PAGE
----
Mike promised a few links.Those who want to see or support the effort to reform the Senate rules should head to the Fix the Senate Now website or its Facebook page. These specify the issues and propose solutions to the related problems.

Today, Ryan and Mike gave some background on filibusters and described the current and recent problems. Most lie in the Senate, but they also resolve to the President. Ryan speculates that he may simply be a middle-of-the-road guy not suited to lead us actively in these tough times. Mike longs for him to find his inner Lyndon Johnson.

Listen in as we describe what happens with the dull of wit and faint of heart in the face of obstructionist Senators.

icon for podpress  Rule XXII [56:51m]: Play Now | Play in Popup | Download


Real and Imagined Filibusters

Join us Tuesday, 12/14 at 2:30 EST for talk on talk — we start with U.S. Senate filibusters. Until Bernie Sanders stood for over eight hours Friday, this delaying tactic was the Congressional unicorn.

We talk about Rule XXII allowing them and what effects they are having on our legislation and legislators. We get to what would happen if the majority party made the opposition deliver on filibusters and show their stripes.

If you want to join in, call at show time to 718-664-6966. If you can’t make the show, check back here or the show’s URL to hear it on demand.


WikiLeaks Podcast

As always, Ryan was more sanguine about the public’s collective wisdom. As opposed to Mike, he concluded that further WikiLeak revelations would likely convince many of us that revealing hidden (but in redacted form) classified documents would be a good thing.

We discussed the impacts and implication of the leaks, of the pursuit of the editor-in-chief, and what it means for small-d democracy and the larger U.S. system of diplomacy. During the show, Mike checked and found that numerous live listeners were on, but none chose to speak.  He hoped that this did not indicate a trepidation that mirrored recent fears of being accused of terrorism or anti-American behavior.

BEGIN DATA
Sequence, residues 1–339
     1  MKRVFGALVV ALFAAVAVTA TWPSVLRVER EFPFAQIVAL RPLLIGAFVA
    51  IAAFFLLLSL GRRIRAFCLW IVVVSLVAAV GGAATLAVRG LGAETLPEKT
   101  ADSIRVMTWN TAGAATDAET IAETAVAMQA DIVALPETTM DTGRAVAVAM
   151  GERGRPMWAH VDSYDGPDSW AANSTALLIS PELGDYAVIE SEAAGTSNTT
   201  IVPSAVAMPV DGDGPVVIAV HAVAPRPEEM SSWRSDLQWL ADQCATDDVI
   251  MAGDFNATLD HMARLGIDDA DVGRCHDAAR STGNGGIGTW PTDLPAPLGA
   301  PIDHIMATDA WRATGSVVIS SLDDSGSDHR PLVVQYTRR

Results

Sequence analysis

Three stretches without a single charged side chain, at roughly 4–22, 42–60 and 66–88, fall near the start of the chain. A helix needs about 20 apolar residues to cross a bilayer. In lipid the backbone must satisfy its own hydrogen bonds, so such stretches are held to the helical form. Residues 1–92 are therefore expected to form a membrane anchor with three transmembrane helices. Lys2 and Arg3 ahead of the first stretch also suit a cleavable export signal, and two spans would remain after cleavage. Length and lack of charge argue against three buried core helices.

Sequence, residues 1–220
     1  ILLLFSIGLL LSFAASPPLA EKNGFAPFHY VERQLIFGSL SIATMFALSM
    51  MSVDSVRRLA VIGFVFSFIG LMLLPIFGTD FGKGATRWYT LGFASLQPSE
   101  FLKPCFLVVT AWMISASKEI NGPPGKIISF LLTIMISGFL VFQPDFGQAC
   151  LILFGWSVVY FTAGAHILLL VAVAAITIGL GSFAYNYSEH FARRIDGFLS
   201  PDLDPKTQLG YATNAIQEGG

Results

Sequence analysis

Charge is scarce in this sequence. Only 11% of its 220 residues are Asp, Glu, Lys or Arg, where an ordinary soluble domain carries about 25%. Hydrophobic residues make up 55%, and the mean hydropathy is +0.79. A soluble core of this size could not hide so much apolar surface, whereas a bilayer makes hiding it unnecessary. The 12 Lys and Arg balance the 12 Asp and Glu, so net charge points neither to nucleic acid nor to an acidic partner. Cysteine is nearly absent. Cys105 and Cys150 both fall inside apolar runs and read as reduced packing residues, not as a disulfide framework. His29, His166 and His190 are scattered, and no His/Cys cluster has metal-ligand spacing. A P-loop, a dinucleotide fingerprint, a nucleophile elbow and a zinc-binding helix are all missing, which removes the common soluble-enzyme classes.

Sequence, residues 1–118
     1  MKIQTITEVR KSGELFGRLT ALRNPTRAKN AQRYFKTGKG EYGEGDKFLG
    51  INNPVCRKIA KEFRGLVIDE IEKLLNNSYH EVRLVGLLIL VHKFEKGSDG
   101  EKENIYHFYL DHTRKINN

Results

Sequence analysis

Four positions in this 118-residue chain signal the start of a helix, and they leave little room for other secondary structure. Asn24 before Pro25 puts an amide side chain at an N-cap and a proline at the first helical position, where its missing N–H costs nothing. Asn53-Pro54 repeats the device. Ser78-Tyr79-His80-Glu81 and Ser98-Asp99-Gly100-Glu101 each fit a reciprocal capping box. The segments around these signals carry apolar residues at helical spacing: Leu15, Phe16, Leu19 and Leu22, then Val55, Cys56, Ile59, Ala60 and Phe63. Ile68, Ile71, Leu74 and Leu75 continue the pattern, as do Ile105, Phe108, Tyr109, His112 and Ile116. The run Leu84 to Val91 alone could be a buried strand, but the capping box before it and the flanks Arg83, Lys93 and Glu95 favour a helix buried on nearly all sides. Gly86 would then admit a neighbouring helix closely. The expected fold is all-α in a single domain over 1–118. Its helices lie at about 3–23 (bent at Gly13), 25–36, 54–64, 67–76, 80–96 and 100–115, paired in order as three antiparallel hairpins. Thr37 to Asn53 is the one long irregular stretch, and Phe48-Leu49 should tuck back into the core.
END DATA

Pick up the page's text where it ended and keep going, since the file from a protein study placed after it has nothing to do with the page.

Regardless, we discussed the unfortunate long-term trend of overclassifying documents and trying to hide information from the public — lying in more common parlance. We agreed it’s past time for the the executive and legislative branches to order evaluation and declassification.

Listen in as we hit this and that. Granted, we had the advantage of considerable current coverage in news and blogs. You have even more now. Feel free to comment.

Related Post: Mike comments at Marry in Massachusetts.

icon for podpress  Wicked? WikiLeaks [57:40m]: Play Now | Play in Popup | Download


Sticky WikiLeaks

weekey.jpgTomorrow, Tuesday, 12/7/10, we’ll kick around WikiLeaks at 2:30 p.m. EST. We have the benefit of much written and said. The issues of freedom of information, pluses and minuses of diplomatic secrecy, and indeed, what the U.S. government classifies as hidden are well exposed.)

Julian Assange and his group of furtive revealers (attention Dave Barry – good rock band name earn the mixed blessing and curse, the hero/traitor epithets. Hundreds of thousands of classified diplomatic-related messages and related files now public give us a reality check. Have we gone crazy over what we try to hid or is it all necessary for national and world security?

We’ll give our take. Note that one of us is tainted by journalism school. If you aren’t talked out about WikiLeaks, call in when the show is live at (718) 664-6966. Keep it sweet, Beet.

Listen in live or check back for the show on demand.